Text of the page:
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A Question of Perspective




There’s a scene in Dr. No (1962) where secret agent James Bond notices a wall of glass in the villain’s lair through which the two men see what appear to be giant fish swimming about.

“A unique feat of engineering, if I may say so. I designed it myself,” says Dr. No, the bad guy. “The glass is convex, ten inches thick, which accounts for the magnifying effect.”

“Minnows pretending they're whales,” quips Bond. “Just like you on this island, Dr. No.”

Dr. No pauses and then replies: “It depends upon which side of the glass you are on, Mr. Bond.”

In many ways, this pithy exchange sums up the main problem with the board-management marriage. It’s all about on which side of the glass you are on.

Case in point: the management executive who talked with me about the board-management marriage as though it were a partnership made in hell. “I’ve has given up trying to reason with the boards,” the executive said to me. “Now, I just do what I’m told – only drawing the line at illegalities.”

The situations she said she encounters are mind-blowing: she’s repped a board where the president wanted to challenge the lease of a restaurant because he didn’t like the food; another where a woman complained about not getting a tax abatement for her apartment even though she no longer lived in the building (but still served on the board); and another where a board member threatened the manager with an AK47 because he didn’t like the answer the agent gave him.

“I honestly believe that most of these actions come out of the protections offered by the Business Judgment Rule and D&O [directors and officers liability coverage,” she said. “They’d be more responsible if they couldn’t hide behind them.”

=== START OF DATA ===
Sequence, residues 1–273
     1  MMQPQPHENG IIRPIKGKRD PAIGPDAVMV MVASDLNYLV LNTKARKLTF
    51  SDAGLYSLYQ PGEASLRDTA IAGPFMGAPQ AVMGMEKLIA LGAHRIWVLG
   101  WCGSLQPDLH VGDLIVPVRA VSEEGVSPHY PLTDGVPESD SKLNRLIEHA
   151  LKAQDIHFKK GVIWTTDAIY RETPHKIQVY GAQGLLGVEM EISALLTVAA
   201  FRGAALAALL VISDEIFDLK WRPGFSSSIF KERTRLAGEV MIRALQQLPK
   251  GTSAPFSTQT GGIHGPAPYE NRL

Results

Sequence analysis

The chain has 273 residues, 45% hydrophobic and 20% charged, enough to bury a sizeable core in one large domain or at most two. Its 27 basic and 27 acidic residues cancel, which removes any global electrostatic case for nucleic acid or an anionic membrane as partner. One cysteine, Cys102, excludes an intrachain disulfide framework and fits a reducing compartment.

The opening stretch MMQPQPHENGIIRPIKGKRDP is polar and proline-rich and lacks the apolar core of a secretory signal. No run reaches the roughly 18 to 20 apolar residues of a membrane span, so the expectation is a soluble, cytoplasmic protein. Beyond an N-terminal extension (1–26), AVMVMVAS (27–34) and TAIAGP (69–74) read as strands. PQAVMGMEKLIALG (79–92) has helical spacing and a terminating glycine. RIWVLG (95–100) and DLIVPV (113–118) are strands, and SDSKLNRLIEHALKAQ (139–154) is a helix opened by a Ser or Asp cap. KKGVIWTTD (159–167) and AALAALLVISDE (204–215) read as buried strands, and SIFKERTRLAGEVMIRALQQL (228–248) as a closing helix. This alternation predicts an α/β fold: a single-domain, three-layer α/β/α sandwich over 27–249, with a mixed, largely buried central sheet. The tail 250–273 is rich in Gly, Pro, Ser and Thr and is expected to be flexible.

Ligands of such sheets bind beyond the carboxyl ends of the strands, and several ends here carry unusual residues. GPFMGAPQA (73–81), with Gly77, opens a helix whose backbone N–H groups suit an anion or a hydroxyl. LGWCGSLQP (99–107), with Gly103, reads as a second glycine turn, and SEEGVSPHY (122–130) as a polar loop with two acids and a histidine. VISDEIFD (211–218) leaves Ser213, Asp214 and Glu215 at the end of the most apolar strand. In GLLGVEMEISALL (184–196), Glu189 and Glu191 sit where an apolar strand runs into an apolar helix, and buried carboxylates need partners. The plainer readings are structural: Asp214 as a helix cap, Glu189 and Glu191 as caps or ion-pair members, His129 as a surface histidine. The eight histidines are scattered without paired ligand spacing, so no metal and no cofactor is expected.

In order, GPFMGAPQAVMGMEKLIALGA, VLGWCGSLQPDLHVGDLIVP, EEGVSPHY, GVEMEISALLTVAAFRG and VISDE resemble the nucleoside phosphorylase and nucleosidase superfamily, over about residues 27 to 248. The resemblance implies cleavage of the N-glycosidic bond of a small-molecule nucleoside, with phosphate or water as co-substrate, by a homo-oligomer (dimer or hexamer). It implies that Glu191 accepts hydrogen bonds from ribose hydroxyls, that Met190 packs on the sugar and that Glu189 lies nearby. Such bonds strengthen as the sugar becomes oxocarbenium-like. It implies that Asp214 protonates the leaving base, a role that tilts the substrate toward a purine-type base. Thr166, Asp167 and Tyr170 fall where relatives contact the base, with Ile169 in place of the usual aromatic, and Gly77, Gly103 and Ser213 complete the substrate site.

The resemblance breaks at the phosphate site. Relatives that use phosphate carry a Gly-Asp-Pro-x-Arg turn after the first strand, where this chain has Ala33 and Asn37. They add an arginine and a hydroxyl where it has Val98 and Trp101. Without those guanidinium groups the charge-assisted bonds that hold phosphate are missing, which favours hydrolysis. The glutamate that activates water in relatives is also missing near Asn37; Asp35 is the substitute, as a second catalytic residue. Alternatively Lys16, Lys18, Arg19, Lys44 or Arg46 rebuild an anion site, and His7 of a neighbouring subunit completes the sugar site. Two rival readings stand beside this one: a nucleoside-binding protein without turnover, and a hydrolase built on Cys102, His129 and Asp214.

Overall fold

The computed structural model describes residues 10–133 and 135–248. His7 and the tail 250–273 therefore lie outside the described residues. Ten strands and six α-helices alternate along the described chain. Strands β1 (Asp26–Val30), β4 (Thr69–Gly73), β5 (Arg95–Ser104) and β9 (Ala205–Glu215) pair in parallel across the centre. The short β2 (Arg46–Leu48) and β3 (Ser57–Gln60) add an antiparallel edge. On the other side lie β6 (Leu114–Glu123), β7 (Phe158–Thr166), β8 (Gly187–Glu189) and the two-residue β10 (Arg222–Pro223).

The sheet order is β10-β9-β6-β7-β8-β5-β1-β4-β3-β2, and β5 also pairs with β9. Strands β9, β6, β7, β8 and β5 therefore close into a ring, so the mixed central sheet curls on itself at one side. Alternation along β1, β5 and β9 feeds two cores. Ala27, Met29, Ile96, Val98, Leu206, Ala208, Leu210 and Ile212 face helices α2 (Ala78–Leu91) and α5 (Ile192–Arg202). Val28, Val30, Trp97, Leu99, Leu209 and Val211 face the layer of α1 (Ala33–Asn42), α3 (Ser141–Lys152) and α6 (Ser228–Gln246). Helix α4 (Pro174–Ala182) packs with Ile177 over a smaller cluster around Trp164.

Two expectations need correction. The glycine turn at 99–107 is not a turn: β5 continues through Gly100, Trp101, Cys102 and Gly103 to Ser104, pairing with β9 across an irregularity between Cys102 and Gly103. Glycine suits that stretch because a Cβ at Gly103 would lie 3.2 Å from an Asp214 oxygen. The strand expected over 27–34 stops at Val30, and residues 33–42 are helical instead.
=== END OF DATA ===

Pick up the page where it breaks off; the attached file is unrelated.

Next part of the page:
Hard to say if that’s true. Still, this veteran manager is not alone in her complaints. One longtime management exec claimed to me that many board members feel they’re doing right by the building, and don’t see the difference between their interests and building interests.

“They should try to imagine what it would be like if they weren’t on the board. Are they truly looking out for the building or are they looking out for themselves.” If they could see it through the manager’s eyes, would that make a difference?

From the board members’ perspective, it’s a different picture, of course, sort of like the Japanese film Rashomon (1950), in which four people relate the same story – but radically change the details because their views – and interpretations – of the situation are different.

“Why do I need to explain to the managing agent various building codes issues? Why do I need to remind him the elevators need to be inspected?” asks a frustrated board member on Habitat’s “Board Talk” forum.

Another blogger adds: “I've been on the board in my building for over 15 years. We're on our fourth management company. After about twenty agents, three or four were worth the money. The rest had trouble writing a decent letter, doing a weekly walkthrough of the building, staying on top of the required inspections, filings, etc.”

When managers hear such complaints, they usually throw up their hands, claiming that they are the most misunderstood profession in the world. Pressures to perform make some managers ineffective: city, state, and federal rules have been increasing; competition from low-balling, fly-by-night firms has kept management fees lower than they should be; and it is hard to get (and train) good managers in an industry that offers relatively low pay for long hours. Between visiting buildings during the day and attending board meetings at night, managers often complain that they are stretched to the breaking point.

What’s the answer? More empathy and less bellyaching would be a good place to start. It would be wonderful if board members and managers could switch places – sort of like Queen for a Day – so each could see how the other half lives. But in lieu of that, both sides should try to remember: it always depends on which side of the glass you are on.


August 7, 2013